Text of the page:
HARRIMAN, Tenn. — The smokestacks that tower over the Kingston Fossil Plant showcase the evolution in TVA’s efforts to clean up one of its biggest coal plants.
By the spring of 2010, the federal utility plans to complete a $500 million addition of two scrubbers here to remove more than 90 percent of the plant’s smog-causing air emissions. Plant Manager Ronald Hall said the scrubbers, the third generation of air pollution controls, will replace the giant smokestacks that were erected in the 1970s to help limit localized toxic substances released when Kingston opened as the world’s biggest coal power plant in 1955.
But for all the investment and improvement the scrubbers represent, Mr. Hall and others in this riverfront community are focused on a more immediate and bigger environmental challenge. The rupture of a fly ash storage cell into nearby rivers and homes on Dec. 22 has shifted pollution concerns from air emissions to fly ash dumped on the land, in the river and now threatening to be blown around in the air.
“This may be the biggest environmental disaster ever, at least in its size and scope, and that is a very sad legacy TVA will have to live with,” said Stephen Smith, executive director for the Southern Alliance for Clean Energy, a Knoxville-based environmental group critical of coal plants. “We were pleased to see TVA’s decision to finally install scrubbers at Kingston. But the events of the past couple of weeks prove again that coal is still a very dirty source of power. I’m afraid Kingston will forever be known for this disaster.”
TVA has promised to clean up the 1.1 billion gallons of fly ash and muck that flowed out of an elevated ash storage pond.
Agency officials said they still don’t know how long or how expensive it will be to clean up the 300-plus acres covered with ash. But a much smaller 2005 spill of an ash pond at the Martins Creek Power Plant in Pennsylvania ended up costing the plant’s owner, PPL Corp., about $38.5 million in fines and cleanup costs.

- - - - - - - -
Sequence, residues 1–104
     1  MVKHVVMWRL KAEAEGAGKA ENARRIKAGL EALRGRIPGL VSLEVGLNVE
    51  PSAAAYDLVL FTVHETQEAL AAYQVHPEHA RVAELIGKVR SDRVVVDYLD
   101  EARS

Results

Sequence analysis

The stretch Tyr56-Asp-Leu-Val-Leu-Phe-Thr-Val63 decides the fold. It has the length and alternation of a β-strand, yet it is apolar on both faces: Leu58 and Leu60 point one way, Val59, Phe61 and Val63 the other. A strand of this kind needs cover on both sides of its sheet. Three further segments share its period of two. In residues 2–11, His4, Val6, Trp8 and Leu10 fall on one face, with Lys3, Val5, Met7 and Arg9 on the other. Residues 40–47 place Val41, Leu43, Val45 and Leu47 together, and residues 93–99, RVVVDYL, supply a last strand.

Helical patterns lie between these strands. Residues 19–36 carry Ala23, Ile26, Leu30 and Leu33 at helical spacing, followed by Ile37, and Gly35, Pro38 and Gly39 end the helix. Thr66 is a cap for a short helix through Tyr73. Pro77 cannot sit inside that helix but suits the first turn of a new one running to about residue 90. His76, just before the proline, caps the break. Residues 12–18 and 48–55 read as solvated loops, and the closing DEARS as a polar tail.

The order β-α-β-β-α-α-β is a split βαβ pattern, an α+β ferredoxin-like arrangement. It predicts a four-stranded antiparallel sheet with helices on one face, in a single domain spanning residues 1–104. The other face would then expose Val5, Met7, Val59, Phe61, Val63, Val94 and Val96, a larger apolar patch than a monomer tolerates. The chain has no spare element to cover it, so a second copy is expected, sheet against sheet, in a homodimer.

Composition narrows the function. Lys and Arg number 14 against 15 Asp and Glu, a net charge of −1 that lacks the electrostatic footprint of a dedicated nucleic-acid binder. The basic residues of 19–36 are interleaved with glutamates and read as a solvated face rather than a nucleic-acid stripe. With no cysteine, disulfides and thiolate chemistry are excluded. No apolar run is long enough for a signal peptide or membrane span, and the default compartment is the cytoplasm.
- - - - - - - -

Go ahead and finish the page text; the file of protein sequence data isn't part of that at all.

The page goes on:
TVA already has pledged to spend more than $1 billion to install scrubbers within the next four years at its three East Tennessee coal plants — Kingston, Bull Run near Oak Ridge and John Sevier near Rogersville — part of TVA’s overall $5.8 billion program to limit air pollution from its 11 coal plants.
“We continue to invest in clean air improvements to reduce our emissions, and these scrubbers are an important part of our ongoing efforts,” TVA spokesman Gil Francis said.
The upgrade is expected to cut more than 90 percent of smog-producing sulfur and nitrogen oxide emissions in the air.
Until two weeks ago, the upgrade also was expected to help shield the Kingston plant from persistent environmental complaints and pollution lawsuits. But the ash pond spill has put the Kingston plant in the global spotlight and at the epicenter of the debate over America’s coal future, according to Don Barger, senior director of the Southeast regional office of the National Parks Conservation Association.
“This spill shows us once again that there is no such thing as ‘clean coal,’ despite what the industry tries to tell us,” he said. “Coal is touted as a cheap source of power, but it’s not going to be cheap to clean up this mess.”
Despite the cleanup and pollution control costs for coal plants, however, TVA studies show that power generation from existing TVA coal plants is typically only about one-third as expensive as comparable generation from solar or wind sources and, at current fuel prices, about half the cost of natural gas-fired generation.
Last year, coal-fired plants generated nearly 60 percent of TVA’s electricity, Mr. Francis said.
Video: Ash spill aftermathWatch as Terry and Sandy Gupton explain the effects a coal-ash spill that flooded part of their farm property near Harriman, Tenn. Coal ash blanketed more than 300 acres surrounding the TVA steam plant after an earthen retaining wall around the Kingston plant's ash pond broke in late December, emptying 5.4 million cubic yards of coal ash into the adjacent river and low lying properties.
Video: Ash spill demolitionWatch as Roane County, Tenn., resident Crystell Flinn explains her experiences following the coal-ash spill last month that blanketed more than 300 acres surrounding the TVA’s Kingston steam plant. Mrs. Flinn’s home was destroyed after an earthen retaining wall around the plant's ash pond broke, emptying 5.4 million cubic yards of coal ash into the adjacent river and low-lying properties.
Video: Ash spill clean upWatch as Francie Harkenrider, owner of the Watts Bar Belle boat and restaurant docked near Kingston, Tenn., describes the effects that the TVA’s coal ash spill is having on her business. Coal ash blanketed more than 300 acres surrounding the Kingston steam plant after an earthen retaining wall around the plant's ash pond broke in December, emptying 5.4 million cubic yards of coal ash into the adjacent river and low lying properties.
Pam Sohn has been reporting or editing Chattanooga news for 25 years. A Walden’s Ridge native, she began her journalism career with a 10-year stint at the Anniston (Ala.) Star. She came to the Chattanooga Times Free Press in 1999 after working at the Chattanooga Times for 14 years. She has been a city editor, Sunday editor, wire editor, projects team leader and assistant lifestyle editor. As a reporter, she also has covered the police, ...